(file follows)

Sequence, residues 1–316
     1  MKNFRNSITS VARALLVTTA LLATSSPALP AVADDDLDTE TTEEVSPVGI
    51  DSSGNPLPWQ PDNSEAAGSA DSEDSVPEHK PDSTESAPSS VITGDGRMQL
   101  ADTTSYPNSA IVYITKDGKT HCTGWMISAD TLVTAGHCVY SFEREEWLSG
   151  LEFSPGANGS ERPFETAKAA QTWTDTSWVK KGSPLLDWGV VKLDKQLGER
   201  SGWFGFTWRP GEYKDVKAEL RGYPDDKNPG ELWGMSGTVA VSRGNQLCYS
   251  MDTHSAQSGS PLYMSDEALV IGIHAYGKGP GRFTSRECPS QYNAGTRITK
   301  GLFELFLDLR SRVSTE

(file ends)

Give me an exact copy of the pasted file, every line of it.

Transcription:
Sequence, residues 1–316
     1  MKNFRNSITS VARALLVTTA LLATSSPALP AVADDDLDTE TTEEVSPVGI
    51  DSSGNPLPWQ PDNSEAAGSA DSEDSVPEHK PDSTESAPSS VITGDGRMQL
   101  ADTTSYPNSA IVYITKDGKT HCTGWMISAD TLVTAGHCVY SFEREEWLSG
   151  LEFSPGANGS ERPFETAKAA QTWTDTSWVK KGSPLLDWGV VKLDKQLGER
   201  SGWFGFTWRP GEYKDVKAEL RGYPDDKNPG ELWGMSGTVA VSRGNQLCYS
   251  MDTHSAQSGS PLYMSDEALV IGIHAYGKGP GRFTSRECPS QYNAGTRITK
   301  GLFELFLDLR SRVSTE